Correction: In “Kerry’s War Strategy,” David Corn mistakenly reported that Ivo Daalder of the Brookings Institution favors a withdrawal of troops from Iraq by the end of the year. Daalder notes, “My position on troops is (a) we haven’t had enough and still don’t; (b) NATO should take over the mission; and (c) we should stay as long as there remains a need for them and they’re wanted by legitimate Iraqi authorities.” He would like the first set of elections in Iraq, now scheduled for the end of the year or early next year, to happen sooner if possible. (6/16/04)
On the day Senator John Kerry gave a Big Speech on national security, Win Without War–a coalition of forty-two antiwar organizations–called for the Administration to set a specific date for the withdrawal of troops from Iraq. (It did not say what day that should be.) The week before, James Steinberg and Michael O’Hanlon of the Brookings Institution proposed that the United States declare it will recall its troops by late 2005, after the election of an Iraqi government and the adoption of a Constitution. (Steinberg was a deputy national security adviser for President Clinton.) Their Brookings colleague, Ivo Daalder, also an alumnus of Clinton’s national security team, favors a pullout by the end of this year.
But Kerry, although he blasted Bush for his arrogant, reckless, counterproductive foreign policy, made no reference to removing troops by a particular date. He reiterated the position he had laid out weeks earlier: Internationalize the mess in Iraq, bring in more NATO troops, appoint an international high commissioner, expand the training of Iraq’s security forces. In pursuit of stabilizing Iraq, he has even been open to deploying more US troops in the short run. Kerry is nuancing his way through the dilemma of Iraq and consequently has not unveiled a bold approach that stands in sharp contrast to the Bush policy, which has been drifting (reluctantly) toward his ideas. Kerry’s take boils down to this: Bush screwed it up–I can do better. This is indeed an important distinction, and perhaps it’s the best Kerry can offer since he’s not calling for disengagement. But if a policy (if not yet a political) split is developing between Kerry and antiwar Democrats, how might he respond?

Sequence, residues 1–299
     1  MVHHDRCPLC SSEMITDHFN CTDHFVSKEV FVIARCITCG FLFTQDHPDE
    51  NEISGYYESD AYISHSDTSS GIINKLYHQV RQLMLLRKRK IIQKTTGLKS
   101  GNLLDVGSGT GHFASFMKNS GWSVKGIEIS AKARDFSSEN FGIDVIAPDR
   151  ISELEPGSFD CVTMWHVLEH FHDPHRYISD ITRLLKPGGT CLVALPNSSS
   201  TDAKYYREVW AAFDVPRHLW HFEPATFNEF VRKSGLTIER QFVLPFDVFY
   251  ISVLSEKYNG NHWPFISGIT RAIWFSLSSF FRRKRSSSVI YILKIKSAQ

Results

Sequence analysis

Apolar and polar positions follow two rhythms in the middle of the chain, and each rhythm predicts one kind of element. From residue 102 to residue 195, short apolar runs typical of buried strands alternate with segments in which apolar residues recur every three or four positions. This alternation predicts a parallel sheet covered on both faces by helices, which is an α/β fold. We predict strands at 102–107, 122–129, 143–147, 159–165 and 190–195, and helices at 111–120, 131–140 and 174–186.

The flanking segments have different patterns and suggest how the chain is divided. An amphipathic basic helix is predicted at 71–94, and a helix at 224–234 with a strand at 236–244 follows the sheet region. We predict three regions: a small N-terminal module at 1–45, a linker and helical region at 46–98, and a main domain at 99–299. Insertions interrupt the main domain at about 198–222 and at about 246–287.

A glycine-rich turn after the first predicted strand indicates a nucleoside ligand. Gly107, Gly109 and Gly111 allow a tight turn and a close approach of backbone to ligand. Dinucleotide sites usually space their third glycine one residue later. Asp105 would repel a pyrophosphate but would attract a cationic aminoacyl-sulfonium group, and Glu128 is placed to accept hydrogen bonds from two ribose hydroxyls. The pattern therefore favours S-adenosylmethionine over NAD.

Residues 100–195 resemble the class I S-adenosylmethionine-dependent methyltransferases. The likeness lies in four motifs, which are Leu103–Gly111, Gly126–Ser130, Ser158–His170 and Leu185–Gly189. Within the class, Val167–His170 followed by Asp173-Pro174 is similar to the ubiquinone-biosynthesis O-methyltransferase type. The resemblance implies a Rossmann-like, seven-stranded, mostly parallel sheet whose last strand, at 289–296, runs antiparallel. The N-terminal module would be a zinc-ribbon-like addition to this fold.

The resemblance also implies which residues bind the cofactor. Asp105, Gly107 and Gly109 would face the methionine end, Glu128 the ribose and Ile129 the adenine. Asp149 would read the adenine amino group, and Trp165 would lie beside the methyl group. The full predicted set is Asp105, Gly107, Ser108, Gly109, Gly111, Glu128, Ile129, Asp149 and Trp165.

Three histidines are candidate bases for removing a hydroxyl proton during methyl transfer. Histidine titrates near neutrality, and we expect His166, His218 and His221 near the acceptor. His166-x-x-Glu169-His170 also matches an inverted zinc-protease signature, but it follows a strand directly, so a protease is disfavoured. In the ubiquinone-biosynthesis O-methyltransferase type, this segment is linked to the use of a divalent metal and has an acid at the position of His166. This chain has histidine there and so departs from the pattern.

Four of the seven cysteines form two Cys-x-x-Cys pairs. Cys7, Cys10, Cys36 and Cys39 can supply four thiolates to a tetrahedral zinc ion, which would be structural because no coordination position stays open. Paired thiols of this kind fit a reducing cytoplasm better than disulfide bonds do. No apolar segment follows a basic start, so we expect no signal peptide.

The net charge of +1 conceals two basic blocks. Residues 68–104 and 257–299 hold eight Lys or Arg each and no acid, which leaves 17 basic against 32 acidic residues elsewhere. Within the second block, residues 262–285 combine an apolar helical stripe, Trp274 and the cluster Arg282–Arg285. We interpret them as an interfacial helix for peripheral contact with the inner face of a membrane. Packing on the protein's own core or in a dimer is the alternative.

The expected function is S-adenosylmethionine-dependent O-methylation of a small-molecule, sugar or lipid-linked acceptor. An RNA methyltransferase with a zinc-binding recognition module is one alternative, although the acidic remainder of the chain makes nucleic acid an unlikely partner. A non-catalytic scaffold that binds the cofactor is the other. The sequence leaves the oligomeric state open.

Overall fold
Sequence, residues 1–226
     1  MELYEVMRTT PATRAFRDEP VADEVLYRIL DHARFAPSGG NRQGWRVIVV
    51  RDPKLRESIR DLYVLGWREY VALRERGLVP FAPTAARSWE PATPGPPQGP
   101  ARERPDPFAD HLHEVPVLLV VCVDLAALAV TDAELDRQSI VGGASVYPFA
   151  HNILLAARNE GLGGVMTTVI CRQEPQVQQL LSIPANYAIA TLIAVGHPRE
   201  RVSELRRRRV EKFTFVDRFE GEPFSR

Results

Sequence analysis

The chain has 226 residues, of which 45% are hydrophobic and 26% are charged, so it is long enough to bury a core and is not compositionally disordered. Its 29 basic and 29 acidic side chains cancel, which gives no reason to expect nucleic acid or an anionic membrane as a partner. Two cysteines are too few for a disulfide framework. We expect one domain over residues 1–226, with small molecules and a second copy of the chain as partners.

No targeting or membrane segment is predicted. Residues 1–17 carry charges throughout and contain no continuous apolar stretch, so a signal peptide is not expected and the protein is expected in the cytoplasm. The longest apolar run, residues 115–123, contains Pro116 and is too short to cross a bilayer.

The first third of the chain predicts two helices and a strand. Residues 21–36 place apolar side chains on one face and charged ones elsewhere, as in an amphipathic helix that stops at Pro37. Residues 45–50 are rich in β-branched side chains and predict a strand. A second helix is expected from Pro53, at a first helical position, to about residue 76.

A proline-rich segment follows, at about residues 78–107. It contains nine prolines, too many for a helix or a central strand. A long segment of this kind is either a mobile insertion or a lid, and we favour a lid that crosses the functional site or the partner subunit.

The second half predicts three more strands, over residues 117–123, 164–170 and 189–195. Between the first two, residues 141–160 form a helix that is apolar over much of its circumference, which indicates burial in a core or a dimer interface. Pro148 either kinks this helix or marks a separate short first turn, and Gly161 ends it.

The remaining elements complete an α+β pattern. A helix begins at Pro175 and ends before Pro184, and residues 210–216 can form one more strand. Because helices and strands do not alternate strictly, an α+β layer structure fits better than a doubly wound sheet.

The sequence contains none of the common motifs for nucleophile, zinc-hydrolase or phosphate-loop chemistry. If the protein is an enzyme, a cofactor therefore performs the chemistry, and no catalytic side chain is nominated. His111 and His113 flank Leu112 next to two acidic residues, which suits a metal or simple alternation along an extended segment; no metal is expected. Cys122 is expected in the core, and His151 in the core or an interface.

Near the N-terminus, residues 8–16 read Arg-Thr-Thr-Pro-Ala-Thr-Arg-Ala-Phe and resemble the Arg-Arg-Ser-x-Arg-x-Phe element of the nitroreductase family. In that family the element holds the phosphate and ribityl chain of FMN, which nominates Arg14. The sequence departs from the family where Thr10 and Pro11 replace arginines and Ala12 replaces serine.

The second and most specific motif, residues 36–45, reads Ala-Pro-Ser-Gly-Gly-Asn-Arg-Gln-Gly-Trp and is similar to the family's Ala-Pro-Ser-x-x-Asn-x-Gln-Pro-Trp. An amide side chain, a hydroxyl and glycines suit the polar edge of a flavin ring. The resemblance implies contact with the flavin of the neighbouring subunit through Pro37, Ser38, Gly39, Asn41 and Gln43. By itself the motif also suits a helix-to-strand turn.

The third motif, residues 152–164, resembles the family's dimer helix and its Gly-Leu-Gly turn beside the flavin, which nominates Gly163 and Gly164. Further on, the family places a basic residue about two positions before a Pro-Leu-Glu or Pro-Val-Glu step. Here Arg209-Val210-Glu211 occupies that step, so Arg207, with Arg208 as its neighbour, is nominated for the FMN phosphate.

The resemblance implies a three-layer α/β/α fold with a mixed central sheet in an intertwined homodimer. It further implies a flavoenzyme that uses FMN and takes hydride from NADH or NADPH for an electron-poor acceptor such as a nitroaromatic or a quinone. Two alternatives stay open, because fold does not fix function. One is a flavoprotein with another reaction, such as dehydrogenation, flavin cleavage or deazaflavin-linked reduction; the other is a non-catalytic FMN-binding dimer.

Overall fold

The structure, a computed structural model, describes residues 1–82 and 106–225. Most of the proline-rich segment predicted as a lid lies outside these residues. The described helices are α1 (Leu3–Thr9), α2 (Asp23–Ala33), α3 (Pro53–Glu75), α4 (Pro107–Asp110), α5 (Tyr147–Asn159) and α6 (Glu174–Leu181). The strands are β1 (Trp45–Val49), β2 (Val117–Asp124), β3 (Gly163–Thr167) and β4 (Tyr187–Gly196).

There are debates on Iraq within Kerry’s foreign policy team. “For a while,” says one of those advisers, “the debate was whether it was better not to offer an Iraq plan. Now there’s a continuing discussion on how to deal with the changing realities in Iraq.” This conversation is taking place within a senior group of a dozen advisers headed by Rand Beers, a counterterrorism specialist who resigned from the Bush White House. The group includes James Rubin, a former State Department spokesman; Nancy Stetson, a longtime Kerry Senate aide; Jonathan Winer, a former Kerry aide and past State Department official; Lee Feinstein, former deputy director of the State Department’s policy planning staff; Daniel Feldman, a former Clinton National Security Council officer; and former ambassador Joseph Wilson. Several foreign policy bigfoots–Madeleine Albright, Sandy Berger, Richard Holbrooke, Senator Joe Biden–regularly counsel Kerry. The important discussions come, according to another Kerry aide, when Kerry talks to “whoever he trusts, like Holbrooke and Berger. He’s been on the Senate Foreign Relations Committee. He carries a lot of this around in his own head. He has strong ideas himself.”